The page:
Palau estimates that some 23 litres of sunscreen is dispersed into its seas every day by water-users, including scuba divers. Under legislation that forms part of its new Responsible Tourism Education Act, products containing oxybenzone, octinoxate and eight other chemicals will be banned.
Anyone caught in contravention will face fines of up to US $1000 and confiscation of the product – including visitors bringing the products into the country.
“The power to confiscate sunscreens should be enough to deter their non-commercial use, and these provisions walk a smart balance between educating tourists and scaring them away,” declared Palau's President Tommy Remengesau.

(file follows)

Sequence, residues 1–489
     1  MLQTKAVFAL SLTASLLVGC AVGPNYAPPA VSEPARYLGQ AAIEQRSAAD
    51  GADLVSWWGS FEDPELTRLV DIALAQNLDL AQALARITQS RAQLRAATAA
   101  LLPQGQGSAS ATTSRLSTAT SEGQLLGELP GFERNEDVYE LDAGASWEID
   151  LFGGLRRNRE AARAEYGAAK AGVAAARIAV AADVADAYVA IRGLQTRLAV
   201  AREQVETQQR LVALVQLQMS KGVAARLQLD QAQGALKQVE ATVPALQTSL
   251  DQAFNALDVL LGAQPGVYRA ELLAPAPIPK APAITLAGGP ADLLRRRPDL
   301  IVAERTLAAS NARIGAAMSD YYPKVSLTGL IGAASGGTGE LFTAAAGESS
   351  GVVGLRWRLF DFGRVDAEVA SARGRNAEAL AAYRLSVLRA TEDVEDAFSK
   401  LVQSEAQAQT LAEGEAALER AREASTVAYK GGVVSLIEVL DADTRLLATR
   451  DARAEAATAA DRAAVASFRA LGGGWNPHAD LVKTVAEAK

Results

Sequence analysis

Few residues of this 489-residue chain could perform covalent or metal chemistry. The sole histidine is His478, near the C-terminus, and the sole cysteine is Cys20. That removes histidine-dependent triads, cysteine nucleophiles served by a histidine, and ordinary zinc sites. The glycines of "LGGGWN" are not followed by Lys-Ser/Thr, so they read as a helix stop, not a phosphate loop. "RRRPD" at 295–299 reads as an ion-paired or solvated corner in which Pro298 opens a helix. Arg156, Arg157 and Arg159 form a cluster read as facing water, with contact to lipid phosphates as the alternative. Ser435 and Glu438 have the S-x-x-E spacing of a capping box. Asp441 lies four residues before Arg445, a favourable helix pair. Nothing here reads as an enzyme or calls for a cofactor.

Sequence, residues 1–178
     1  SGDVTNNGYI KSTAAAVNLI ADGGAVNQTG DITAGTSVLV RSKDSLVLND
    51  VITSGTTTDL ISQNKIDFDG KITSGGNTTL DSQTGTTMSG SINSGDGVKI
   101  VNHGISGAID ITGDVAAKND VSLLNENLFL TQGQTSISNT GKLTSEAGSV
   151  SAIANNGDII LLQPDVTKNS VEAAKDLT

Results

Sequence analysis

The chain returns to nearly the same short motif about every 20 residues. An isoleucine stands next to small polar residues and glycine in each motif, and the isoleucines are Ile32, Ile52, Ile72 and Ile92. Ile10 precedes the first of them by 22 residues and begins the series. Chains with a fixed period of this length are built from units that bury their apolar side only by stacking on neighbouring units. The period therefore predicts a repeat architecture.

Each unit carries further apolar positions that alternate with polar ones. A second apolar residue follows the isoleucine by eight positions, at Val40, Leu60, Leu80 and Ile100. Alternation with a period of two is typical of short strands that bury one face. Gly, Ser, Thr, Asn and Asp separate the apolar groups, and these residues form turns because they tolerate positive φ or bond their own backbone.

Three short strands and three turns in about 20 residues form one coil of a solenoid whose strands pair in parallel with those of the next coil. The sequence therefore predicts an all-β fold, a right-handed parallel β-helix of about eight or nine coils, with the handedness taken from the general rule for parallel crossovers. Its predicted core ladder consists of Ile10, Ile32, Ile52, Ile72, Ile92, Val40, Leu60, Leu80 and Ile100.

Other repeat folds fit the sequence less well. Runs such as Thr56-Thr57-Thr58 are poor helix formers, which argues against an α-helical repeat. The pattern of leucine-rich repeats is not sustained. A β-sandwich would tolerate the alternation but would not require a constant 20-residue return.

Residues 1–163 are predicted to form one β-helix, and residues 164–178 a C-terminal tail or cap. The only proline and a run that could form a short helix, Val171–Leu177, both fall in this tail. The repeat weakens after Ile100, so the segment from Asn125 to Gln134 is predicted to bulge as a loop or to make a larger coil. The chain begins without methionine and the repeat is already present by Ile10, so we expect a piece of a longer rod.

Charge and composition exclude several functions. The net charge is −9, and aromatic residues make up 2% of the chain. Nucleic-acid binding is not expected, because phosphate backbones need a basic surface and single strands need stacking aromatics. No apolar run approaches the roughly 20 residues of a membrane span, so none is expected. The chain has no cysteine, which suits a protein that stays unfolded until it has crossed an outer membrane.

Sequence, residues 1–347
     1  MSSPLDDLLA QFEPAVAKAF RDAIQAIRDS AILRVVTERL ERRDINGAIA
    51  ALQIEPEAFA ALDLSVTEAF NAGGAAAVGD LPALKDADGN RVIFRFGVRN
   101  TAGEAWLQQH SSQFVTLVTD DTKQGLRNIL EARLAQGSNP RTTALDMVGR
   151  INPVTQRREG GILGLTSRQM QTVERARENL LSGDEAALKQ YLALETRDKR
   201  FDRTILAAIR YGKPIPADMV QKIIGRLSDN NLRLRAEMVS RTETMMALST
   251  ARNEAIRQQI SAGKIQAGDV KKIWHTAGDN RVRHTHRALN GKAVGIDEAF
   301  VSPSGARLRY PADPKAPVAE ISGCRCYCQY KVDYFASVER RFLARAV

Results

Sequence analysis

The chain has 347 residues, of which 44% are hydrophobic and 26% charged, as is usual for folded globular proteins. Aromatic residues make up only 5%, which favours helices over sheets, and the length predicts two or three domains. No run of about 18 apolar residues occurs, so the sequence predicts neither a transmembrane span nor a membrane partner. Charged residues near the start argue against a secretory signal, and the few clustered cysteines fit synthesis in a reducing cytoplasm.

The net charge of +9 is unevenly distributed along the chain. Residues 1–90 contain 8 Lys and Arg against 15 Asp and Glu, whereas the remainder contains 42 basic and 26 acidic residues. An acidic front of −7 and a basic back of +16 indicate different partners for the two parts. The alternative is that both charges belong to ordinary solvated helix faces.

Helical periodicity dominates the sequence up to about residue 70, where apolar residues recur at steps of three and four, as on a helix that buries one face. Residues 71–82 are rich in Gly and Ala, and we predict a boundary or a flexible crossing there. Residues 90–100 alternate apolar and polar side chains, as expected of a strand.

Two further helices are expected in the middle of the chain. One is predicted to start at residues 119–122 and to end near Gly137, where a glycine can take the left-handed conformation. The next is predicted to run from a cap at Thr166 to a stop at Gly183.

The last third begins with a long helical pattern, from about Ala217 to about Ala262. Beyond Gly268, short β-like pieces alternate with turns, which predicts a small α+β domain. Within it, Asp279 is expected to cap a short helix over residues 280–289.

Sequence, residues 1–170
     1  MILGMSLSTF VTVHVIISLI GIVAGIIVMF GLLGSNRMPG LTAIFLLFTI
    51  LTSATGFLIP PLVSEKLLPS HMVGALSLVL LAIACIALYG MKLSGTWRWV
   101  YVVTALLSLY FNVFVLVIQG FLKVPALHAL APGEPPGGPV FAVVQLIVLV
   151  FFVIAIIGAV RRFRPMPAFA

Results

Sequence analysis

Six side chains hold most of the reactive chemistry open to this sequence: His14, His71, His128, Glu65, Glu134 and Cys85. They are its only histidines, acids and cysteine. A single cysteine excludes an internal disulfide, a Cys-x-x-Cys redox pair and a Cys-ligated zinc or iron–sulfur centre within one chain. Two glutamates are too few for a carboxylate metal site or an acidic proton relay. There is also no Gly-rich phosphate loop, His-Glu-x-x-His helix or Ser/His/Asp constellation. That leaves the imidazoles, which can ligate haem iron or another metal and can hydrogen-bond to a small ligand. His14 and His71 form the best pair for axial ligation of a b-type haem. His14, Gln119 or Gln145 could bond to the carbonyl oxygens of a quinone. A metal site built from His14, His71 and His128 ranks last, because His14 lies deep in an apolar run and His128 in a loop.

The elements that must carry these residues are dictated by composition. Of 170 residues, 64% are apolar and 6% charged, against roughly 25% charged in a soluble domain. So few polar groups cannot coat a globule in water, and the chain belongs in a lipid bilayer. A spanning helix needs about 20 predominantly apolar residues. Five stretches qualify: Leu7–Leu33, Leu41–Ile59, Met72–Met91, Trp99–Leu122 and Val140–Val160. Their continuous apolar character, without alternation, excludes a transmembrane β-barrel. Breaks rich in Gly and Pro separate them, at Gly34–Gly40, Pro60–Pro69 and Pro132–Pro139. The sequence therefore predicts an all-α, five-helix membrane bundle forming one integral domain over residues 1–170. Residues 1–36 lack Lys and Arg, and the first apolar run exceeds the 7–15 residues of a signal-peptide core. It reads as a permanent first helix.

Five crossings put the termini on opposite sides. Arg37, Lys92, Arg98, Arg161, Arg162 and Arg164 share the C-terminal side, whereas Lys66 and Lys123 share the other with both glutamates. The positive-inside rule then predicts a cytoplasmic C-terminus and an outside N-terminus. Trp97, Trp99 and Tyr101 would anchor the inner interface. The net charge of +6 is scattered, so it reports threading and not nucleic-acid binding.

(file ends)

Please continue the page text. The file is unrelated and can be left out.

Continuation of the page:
Exposure to the listed chemicals, which work by absorbing ultra-violet light, has been found to make corals more susceptible to bleaching at relatively low temperatures.
They can also be toxic to fish and other marine organisms. When bleaching does occur, corals have been found to recover more slowly in tourist-populated areas, with sunscreen dispersion believed to be a factor.
Palau has long been in the vanguard of marine protection, declaring its waters a shark sanctuary in 2009, designating most of its seas as a marine protection zone in 2015 and becoming the second nation to ratify the 2016 Paris climate agreement.
Alternatives to chemical sunscreens for water-users include mineral-based products based on titanium oxide or zinc oxide, and “sun-safe” rash-vests, hoods and other clothing.